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In the wake of #MeToo, companies turn to private investigators to identify predators in their ranks

In the #MeToo era, the stakes are high for corporations failing to rout out sexual harassment.

Allegations of predatory behavior bankrupted Harvey Weinstein’s company and forced Steve Wynn out of the company he co-founded, sending Wynn Resorts stock on a roller coaster ride.

In response, corporations and private equity firms are turning to private investigators like Dan Nardello — a former federal prosecutor at the Manhattan U.S. Attorney’s Office, who now runs his own firm — in droves.

“An ounce of prevention is really worth a pound of cure here, because the cost of potential drop in stock price, legal and PR cost — the possibility of regulators getting involved and regulating industries — they are enormous compared with the relatively modest expenditure in hiring folks like us in order to rule out this behavior,” said Nardello, CEO of Nardello & Co.

The veteran private investigator — Nardello has 25 years in the detective business — has seen about 35 percent more client calls related to sexual misconduct over the last six months.VIEW INTERVIEW & READ MORE

A Call to Action: Cybersecurity Due Diligence in Today’s Business Climate

Head of the Atlanta Office and General Counsel of the Americas, Steven D. Grimberg, and Head of Digital Investigations and Cyber Defense, Mark Ray, discuss best practices for cybersecurity due diligence in Emory University’s Corporate Governance and Accountability Review.read more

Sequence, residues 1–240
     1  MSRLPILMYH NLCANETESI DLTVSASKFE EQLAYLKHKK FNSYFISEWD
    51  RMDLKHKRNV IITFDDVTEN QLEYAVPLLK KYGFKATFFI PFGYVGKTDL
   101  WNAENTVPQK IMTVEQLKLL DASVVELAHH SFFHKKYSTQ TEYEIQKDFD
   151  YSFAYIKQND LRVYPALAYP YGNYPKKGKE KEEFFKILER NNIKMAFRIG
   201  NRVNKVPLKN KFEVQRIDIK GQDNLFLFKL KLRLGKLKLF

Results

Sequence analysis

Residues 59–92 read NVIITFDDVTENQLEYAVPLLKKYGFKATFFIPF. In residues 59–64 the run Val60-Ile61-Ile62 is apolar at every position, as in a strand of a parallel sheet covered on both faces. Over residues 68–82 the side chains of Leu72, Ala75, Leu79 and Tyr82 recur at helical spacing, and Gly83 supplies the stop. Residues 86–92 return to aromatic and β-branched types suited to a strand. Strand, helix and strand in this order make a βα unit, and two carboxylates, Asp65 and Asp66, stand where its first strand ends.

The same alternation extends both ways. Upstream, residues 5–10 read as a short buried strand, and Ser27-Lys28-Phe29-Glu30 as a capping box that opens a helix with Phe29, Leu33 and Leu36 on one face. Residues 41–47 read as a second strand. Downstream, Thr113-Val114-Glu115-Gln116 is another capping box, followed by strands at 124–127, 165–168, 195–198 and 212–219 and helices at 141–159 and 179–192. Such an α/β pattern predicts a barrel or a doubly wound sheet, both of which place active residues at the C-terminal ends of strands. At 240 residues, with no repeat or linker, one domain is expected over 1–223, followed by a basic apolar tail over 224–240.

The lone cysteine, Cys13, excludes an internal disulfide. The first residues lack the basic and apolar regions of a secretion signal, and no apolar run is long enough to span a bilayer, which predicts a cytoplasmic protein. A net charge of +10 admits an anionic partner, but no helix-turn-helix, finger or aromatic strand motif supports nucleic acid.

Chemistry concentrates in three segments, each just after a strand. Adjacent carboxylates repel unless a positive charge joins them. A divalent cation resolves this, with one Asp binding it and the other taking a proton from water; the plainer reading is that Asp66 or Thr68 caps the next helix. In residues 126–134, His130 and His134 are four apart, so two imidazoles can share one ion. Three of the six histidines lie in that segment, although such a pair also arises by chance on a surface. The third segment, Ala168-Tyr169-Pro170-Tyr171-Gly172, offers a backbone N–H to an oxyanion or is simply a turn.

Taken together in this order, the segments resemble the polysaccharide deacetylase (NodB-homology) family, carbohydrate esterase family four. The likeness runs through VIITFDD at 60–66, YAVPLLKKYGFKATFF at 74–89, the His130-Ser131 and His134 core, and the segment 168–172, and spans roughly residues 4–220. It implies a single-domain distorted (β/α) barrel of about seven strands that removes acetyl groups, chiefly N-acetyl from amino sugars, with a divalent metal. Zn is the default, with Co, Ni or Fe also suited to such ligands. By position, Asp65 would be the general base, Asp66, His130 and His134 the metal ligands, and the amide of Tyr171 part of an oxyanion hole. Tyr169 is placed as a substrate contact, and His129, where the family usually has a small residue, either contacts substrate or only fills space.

China’s new anti-graft agency brings key compliance risk

Nardello & Co. Associate Managing Director, Amie Chang, is quoted in this Compliance Week article on China’s newly created National Supervisory Commission (NSC):

The establishment of a powerful new anti-corruption enforcement body in China makes it imperative that foreign multinational companies carefully review existing interactions with public officials in the country and enhance their due diligence and third-party risk management efforts.

On March 20, China’s legislature—the National People’s Congress (NPC)—passed the Supervision Law, granting broad and powerful investigative and enforcement powers to the newly created National Supervisory Commission (NSC), the highest ever anti-corruption agency in China. The NSC is the merging of the Ministry of Supervision under the State Council (China’s Cabinet) and the anti-corruption investigation department of the Supreme People’s Procuratorate (the agency at the national level responsible for both prosecution and investigation in the People’s Republic of China). The new NSC will also carry out the responsibilities of the Communist Party of China’s Central Commission for Discipline Inspection (CCDI).

“The creation of a national supervisory system reflects historic calls to institutionalize the country’s anti-corruption drive,” says Amie Chang, an associate managing director at consulting firm Nardello & Co. based in Hong Kong. “The new setup essentially streamlines a two-track anti-corruption regime into a single-track system and bestows new powers upon the anti-corruption authorities.”

The creation of the NSC signals that political momentum for anti-corruption enforcement in China will not ease. “This is more than just a rebranding of the CCDI,” says Andy Gilholm, principal and director of the analysis practice for Greater China and North Asia at consultancy firm Control Risks. “It’s turning more proactive enforcement into a permanent feature of the environment, rather than a temporary crackdown, and creating a better-resourced and significantly more powerful agency.”read more